If you haven't read the book, then you’ve missed out on a great read, ya’ scunner!
You can find links to everyone else’s thoughts at Dab of Darkness.
This week we read through to the end of the book. Crivens!
1) Mistress Weatherwax has a philosophy of her job is to make sure everyone today can get to tomorrow - such as letting people believe in water sprites and goblins if it lets them lead a better life. Do you see yourself somewhere in this philosophy?
I am a firm believer in the importance of honesty and telling the truth. However, I can see the logic in creating a truth that a person is willing to believe in order to make them alter their behavior in a way that solves their problem. I know that some people might see this as patronizing, but if it works then it certainly has some merit in my book. After all that is precisely what fairy tales are: ways of making children fear certain things in order to keep them safe.
2) Do you think Mr. Weavall will be successful with the Widow Tussy? Do you think Tiffany got off light concerning Mr. Weavall's stash?
They got married, so that seems fairly successful! I do not think that she got off lightly, because she was so ashamed of what ‘she’ had done that she does not need a punishment to avoid repeating the theft. I was genuinely surprised that the Feegles had replaced the money for her, but as Mr Weavall came out of the incident considerably richer, it seems like a win-win solution.
3) What was your favorite part of Mistress Weatherwax's and Tiffany's bonding time in the mountains with the little picnic and the owls and such?
I would have to choose the snoring. My husband is a terrible snorer, so I am very familiar with the multitude of terrible noises that people can make when they are asleep. Of course, the very worst is when they seem to stop breathing completely and you lie there in a panic waiting for the next breath . . .
Plus, the whole issue of how voles taste was funny! :D
4) Petulia Gristle heard Tiffany was going to face something nasty and went out to see if she could use some help. Have you ever had an awkward situation like that?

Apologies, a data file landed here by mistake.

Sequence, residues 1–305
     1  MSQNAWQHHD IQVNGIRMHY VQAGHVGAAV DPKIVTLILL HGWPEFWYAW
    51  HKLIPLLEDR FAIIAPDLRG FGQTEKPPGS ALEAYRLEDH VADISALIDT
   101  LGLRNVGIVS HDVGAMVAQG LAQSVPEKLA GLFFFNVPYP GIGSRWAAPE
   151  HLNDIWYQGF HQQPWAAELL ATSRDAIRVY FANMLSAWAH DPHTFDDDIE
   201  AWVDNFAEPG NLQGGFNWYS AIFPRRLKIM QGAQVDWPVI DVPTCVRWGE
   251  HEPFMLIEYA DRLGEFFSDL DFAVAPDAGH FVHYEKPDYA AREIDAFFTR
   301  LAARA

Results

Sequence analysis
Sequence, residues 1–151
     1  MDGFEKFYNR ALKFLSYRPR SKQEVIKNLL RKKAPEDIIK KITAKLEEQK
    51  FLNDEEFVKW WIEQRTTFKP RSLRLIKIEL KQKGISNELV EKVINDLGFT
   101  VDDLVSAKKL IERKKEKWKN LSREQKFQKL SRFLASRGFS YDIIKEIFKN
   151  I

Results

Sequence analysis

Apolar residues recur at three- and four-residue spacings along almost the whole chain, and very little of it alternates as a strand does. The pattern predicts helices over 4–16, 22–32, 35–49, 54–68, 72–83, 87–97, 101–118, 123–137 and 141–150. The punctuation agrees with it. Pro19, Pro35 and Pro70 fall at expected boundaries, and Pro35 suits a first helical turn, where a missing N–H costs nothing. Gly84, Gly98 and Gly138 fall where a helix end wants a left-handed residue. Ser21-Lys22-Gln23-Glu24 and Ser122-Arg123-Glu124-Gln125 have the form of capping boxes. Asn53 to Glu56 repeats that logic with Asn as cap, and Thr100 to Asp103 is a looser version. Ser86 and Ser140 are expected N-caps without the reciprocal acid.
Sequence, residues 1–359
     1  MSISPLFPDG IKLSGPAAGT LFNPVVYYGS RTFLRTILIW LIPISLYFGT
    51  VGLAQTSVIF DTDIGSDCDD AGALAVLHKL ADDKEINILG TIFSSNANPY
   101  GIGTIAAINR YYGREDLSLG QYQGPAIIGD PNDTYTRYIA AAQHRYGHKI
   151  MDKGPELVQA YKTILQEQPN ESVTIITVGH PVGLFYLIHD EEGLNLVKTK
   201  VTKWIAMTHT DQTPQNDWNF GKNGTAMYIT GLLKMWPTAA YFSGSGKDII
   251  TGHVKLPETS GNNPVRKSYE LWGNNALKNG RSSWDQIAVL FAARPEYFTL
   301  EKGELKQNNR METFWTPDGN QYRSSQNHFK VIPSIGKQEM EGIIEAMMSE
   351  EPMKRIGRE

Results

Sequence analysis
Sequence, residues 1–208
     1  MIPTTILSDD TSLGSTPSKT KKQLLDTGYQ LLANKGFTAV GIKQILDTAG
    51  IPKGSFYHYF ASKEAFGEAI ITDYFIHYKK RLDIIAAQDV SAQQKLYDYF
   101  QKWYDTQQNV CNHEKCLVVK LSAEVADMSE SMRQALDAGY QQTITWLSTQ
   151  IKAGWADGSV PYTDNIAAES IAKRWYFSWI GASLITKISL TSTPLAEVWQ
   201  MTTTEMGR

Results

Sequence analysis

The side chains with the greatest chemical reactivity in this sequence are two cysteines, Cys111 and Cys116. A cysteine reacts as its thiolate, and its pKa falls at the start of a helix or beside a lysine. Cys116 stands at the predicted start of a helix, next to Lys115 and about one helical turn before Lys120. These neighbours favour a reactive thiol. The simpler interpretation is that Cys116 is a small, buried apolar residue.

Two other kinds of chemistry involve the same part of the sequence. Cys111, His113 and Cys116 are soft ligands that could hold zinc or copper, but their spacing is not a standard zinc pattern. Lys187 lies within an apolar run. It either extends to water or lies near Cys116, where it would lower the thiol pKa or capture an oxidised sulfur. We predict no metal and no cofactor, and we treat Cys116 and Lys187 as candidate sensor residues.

I cannot think of any situation like that in my life, unless you count the million and one times that my dog wants to protect me from the evil post man! :D
I was very impressed by Petulia’s determination to help out her friend, especially after ‘Tiffany’ had been so rude to her. I hope this marks the beginning of a strong friendship, because Tiffany could certainly use a good friend.
5) Tiffany has her first and last conversation with the Hiver/Arthur. Did you see Tiffany's answer to the Hiver dilemma coming or were you taken by surprise?
I had no idea how she was going to deal with it, but then I am pretty hopeless at predicting what will happen next in story. However, I have found that Mr Pratchett does produce elegant solutions to the problems he creates for his characters, so I was not surprised in that sense. It was also a surprisingly humane solution, which depended upon both cleverness and emotional intelligence, so it was particularly gratifying.
6) The Witch Trials are almost like a county fair, a happy outing for the entire family, or so Granny Weatherwax was grumbling about. What about the affair caught your attention?
I like the way that everyone was so adamant that there was no competition when there so obviously was. That kind of thing reminds me very much of the flower and produce shows that are so common in British villages: everyone talks about the joys of ‘just taking part’ and yet the competition is incredibly fierce! :D
7) In the final chapter, we learn the meaning of the title of the book. Did you feel this was a good wrap up to the novel?
Absolutely! Yet again we were brought back to Granny Aching and her legacy. Not only does this remind me of the circular nature of the very best in oral storytelling, but it keeps increasing Granny’s influence over the world. We now see Tiffany beginning to accept what kind of witch she is and move beyond being what other people want or expect. I loved that she chose to copy Granny Aching’s ‘hat’ as it seems so symbolic of her deep connection to the land and nature.